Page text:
Dancer in the Dark (2000)
1964 in small town Washington state. Selma Jezková, a Czechoslovakian immigrant, and her preteen son Gene live in a rented trailer owned by and on the property of married Bill and Linda Houston, he the town sheriff. Beyond Bill and Linda, Selma has a small group of friends who look out for her, including her primary confidante, Kathy, with who she works, and Jeff who wants to be her boyfriend. Jeff regularly waits outside Selma's workplace long before the end of her shift to drive her home, despite she always refusing in not wanting to lead him on. Her primary job is working on the Anderson Tool factory assembly line, but she does whatever she can to earn money. What only Kathy knows among Selma's friends is that she is slowly going blind, her medical condition being genetic. Selma is barely able to see, just enough to do her job. Her primary reason for moving to the US and for working all the time is to earn enough money for an operation for Gene when he turns thirteen, he who doesn't know anything about his mother or his own degenerative eyesight. None of Selma's friends, not even Kathy, know about the money for Gene's operation. Beyond this sole goal of the operation, Selma allows only one indulgence in her life, anything having to do with musicals, which she loves, it an escape from the problems of her life. Kathy often takes her to the cinema to watch old musicals, Kathy who has to describe to Selma what is happening on the screen much to the other patrons' chagrin. Selma also has the lead of Maria in a community theater production of "The Sound of Music". Close to having enough money for the operation, Selma is in a race against time before she loses enough of her sight not to be able to work or participate in the musical production. What may also threaten Selma's goal of the operation for Gene is some financial problems facing Bill. He feels pressured to provide Linda with the comforts of life to which she is accustomed that he believes she requires in their marriage to be satisfied, and as such he is reluctant to tell Linda of those financial problems.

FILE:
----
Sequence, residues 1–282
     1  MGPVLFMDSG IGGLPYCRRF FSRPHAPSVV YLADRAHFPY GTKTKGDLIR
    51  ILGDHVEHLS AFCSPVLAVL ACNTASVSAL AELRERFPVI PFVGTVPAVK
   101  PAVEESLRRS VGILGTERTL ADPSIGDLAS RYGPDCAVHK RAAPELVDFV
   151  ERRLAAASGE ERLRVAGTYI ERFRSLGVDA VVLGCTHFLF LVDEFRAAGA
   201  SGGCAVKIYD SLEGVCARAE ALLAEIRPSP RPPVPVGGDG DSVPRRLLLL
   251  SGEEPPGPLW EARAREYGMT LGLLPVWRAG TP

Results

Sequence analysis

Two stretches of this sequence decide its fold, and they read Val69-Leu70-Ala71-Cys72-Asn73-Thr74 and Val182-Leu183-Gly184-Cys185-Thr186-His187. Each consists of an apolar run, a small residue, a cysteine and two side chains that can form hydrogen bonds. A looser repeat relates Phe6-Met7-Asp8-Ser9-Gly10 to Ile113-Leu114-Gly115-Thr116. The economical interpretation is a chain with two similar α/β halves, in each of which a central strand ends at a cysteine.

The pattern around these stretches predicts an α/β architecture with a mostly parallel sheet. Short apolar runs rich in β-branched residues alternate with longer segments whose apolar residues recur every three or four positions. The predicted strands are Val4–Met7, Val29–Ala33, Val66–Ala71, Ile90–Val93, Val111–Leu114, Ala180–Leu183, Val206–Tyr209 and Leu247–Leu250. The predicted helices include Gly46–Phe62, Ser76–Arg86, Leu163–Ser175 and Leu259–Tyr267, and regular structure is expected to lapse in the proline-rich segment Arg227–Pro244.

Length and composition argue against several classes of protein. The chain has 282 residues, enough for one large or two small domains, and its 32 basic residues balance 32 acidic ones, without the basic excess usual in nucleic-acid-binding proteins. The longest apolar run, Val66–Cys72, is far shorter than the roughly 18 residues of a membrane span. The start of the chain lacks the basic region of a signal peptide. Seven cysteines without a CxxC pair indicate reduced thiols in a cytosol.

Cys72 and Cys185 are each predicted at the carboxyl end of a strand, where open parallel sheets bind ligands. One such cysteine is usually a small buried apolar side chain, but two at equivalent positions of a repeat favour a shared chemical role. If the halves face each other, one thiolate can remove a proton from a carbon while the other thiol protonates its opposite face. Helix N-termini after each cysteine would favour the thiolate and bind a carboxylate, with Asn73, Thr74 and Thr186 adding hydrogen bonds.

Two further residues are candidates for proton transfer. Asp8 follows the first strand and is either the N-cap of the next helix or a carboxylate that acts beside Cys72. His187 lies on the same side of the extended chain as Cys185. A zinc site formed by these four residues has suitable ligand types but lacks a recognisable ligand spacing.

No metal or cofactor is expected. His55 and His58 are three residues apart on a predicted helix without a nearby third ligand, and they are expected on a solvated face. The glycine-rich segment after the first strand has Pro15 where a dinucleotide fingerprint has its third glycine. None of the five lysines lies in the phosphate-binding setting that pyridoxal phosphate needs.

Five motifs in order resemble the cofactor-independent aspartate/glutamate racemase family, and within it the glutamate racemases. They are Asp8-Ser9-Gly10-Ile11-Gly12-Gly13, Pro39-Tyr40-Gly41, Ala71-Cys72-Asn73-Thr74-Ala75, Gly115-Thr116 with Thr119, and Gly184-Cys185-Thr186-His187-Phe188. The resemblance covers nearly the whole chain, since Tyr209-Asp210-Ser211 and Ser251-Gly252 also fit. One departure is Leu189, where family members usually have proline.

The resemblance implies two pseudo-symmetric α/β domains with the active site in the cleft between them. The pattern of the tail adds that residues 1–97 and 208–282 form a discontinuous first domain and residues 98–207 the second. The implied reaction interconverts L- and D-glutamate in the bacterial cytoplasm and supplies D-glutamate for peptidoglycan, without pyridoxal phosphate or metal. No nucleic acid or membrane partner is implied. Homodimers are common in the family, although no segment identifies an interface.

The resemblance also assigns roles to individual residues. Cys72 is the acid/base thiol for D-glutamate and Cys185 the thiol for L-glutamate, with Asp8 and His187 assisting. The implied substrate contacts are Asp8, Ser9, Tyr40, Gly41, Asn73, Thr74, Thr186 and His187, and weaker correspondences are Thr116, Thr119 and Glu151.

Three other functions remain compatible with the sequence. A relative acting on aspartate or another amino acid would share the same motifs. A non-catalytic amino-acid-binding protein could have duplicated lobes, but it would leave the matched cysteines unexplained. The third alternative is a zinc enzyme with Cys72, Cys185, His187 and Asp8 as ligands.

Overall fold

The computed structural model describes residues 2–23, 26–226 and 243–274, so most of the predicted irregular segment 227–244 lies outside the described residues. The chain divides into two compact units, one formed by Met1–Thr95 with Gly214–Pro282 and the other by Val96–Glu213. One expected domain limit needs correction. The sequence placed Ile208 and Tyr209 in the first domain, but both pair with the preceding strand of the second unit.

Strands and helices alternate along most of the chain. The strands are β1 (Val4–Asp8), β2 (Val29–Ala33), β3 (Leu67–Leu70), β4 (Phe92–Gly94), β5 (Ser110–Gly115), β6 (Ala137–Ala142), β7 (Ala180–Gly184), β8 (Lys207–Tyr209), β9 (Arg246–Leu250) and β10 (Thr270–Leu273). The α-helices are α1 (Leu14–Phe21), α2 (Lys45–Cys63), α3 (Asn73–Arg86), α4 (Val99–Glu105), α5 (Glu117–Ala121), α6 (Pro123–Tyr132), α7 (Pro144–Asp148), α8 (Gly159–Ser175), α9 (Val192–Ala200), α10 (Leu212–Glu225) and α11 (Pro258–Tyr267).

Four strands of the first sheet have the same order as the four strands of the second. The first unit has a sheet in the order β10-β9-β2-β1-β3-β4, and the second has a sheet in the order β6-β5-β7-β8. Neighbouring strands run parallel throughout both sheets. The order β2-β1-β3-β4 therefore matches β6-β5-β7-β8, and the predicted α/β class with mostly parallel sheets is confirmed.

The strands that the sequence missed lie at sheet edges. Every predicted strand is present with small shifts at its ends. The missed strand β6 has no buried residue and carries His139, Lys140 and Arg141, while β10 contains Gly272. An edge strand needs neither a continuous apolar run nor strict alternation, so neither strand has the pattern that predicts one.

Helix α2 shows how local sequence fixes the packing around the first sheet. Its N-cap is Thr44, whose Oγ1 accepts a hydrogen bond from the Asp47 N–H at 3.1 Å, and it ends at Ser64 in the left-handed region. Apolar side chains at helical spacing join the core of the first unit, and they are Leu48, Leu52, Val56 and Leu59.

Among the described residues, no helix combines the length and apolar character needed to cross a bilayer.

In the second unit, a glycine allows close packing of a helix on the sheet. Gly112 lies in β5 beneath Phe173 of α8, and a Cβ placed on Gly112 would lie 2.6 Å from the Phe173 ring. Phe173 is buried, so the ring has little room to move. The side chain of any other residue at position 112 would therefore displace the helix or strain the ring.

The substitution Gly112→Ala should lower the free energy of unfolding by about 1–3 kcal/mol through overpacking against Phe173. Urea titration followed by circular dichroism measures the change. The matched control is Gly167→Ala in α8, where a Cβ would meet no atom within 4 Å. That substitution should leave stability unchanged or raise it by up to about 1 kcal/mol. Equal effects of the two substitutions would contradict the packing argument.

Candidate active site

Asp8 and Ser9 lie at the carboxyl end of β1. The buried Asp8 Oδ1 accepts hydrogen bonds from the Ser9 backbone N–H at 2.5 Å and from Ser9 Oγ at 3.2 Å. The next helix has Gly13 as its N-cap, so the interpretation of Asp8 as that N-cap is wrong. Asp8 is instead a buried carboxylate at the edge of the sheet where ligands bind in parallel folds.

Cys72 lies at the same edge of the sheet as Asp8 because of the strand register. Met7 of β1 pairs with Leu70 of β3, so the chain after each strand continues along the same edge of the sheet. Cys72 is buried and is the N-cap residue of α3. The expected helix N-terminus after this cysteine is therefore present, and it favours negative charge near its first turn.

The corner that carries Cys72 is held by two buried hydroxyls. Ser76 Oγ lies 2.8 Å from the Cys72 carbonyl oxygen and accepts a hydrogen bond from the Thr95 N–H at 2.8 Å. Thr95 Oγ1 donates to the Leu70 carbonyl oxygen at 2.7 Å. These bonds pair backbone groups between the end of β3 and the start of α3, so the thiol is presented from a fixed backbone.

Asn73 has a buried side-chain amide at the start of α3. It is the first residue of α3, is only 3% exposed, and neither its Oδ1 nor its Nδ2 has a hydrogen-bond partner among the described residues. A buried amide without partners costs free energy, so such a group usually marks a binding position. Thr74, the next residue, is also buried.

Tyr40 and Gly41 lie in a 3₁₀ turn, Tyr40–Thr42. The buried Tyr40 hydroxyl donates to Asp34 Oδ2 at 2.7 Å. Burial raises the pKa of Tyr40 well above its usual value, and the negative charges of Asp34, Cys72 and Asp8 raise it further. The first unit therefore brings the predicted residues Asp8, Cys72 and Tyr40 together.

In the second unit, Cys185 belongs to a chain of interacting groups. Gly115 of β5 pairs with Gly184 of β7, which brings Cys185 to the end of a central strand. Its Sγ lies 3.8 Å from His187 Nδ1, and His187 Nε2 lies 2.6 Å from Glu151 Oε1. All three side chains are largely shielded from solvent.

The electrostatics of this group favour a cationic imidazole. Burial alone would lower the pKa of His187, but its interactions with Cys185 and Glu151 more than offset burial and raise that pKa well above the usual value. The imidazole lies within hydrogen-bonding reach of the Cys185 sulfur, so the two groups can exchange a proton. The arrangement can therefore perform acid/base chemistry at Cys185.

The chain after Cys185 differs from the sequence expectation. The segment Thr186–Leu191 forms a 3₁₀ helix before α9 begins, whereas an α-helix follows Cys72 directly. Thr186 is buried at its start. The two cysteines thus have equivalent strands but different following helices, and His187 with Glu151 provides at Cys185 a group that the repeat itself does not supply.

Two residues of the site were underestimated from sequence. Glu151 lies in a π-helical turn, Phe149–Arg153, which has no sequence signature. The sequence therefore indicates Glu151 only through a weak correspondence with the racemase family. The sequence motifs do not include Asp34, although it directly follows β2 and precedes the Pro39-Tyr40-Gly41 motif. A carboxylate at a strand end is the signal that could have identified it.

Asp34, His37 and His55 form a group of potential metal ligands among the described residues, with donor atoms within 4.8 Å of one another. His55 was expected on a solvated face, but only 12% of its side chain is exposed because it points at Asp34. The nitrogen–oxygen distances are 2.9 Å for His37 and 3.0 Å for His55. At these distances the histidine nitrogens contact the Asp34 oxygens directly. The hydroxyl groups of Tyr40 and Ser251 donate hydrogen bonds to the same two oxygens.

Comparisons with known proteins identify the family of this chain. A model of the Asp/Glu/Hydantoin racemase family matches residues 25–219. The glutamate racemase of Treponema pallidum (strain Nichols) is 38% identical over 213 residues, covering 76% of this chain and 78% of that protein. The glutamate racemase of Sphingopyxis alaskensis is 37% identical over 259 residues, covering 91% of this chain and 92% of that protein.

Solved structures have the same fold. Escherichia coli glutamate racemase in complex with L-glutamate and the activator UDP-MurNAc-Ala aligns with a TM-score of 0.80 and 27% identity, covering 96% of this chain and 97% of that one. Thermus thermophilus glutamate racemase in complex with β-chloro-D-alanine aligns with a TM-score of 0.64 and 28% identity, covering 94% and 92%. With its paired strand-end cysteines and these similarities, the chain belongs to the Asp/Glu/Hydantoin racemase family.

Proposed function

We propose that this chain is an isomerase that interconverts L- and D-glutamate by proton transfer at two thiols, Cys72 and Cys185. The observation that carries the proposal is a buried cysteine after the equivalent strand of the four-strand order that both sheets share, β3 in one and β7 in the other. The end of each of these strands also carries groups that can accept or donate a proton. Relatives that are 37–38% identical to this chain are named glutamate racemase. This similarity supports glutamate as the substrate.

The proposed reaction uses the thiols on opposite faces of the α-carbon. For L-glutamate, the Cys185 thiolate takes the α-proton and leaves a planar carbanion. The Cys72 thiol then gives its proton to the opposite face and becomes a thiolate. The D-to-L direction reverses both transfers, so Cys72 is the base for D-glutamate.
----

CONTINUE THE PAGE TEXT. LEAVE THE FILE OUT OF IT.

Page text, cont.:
Selma has emigrated with her son from Central Europe to America. The year is 1964. Selma works day and night to save her son from the same disease she suffers from, a disease that inevitably will make her blind. But Selma has the energy to live because of her secret! She loves musicals. When life feels tough she can pretend that she is in the wonderful world of musicals...just for a short moment. All happiness life is not able to give her she finds there...
Selma is a Czechoslovakian immigrant, a single mother working in a factory in rural America. Her salvation is her passion for music, specifically, the all-singing, all-dancing numbers found in classic Hollywood musicals. Selma harbors a sad secret: she is losing her eyesight and her son Gene stands to suffer the same fate if she can't put away enough money to secure him an operation. When a desperate neighbor falsely accuses Selma of stealing his savings, the drama of her life escalates to a tragic finale.
An east European girl goes to America with her young son, expecting it to be like a Hollywood film.
- Selma is a young Czech mother living in Washington state in the early 1960s. How she loves musicals! Alas, she is going blind, and this is threatening her job (not to say her limbs) at the local factory, where she is friends with Cathy, who is a bit flummoxed by Selma's increasing workload, which includes pinning hairpins to unbent cardboard as a side job.
Selma lives with her understandably ungrateful 12-year-old delinquent son in a mobile trailer on the property of a local sheriff and his happy-go-lucky wife. One day, the sheriff reveals a dark secret to Selma, and being the type to cement friendships, she tells him a secret, too: that she is going blind. Life spirals downard for her after this revelation, but Selma is resolute in protecting her friend's secret.
Cathy, who grows increasingly frustrated with Selma's decisions, comes to realize Selma's methodology was right after all, and in the gripping final moments of the film, she tells Selma that she did right.
This is a curious, highly depressing, yet exhilarating film (with various experimental camera techniques) about the power of friendship and maternal love -- not to be watched alone!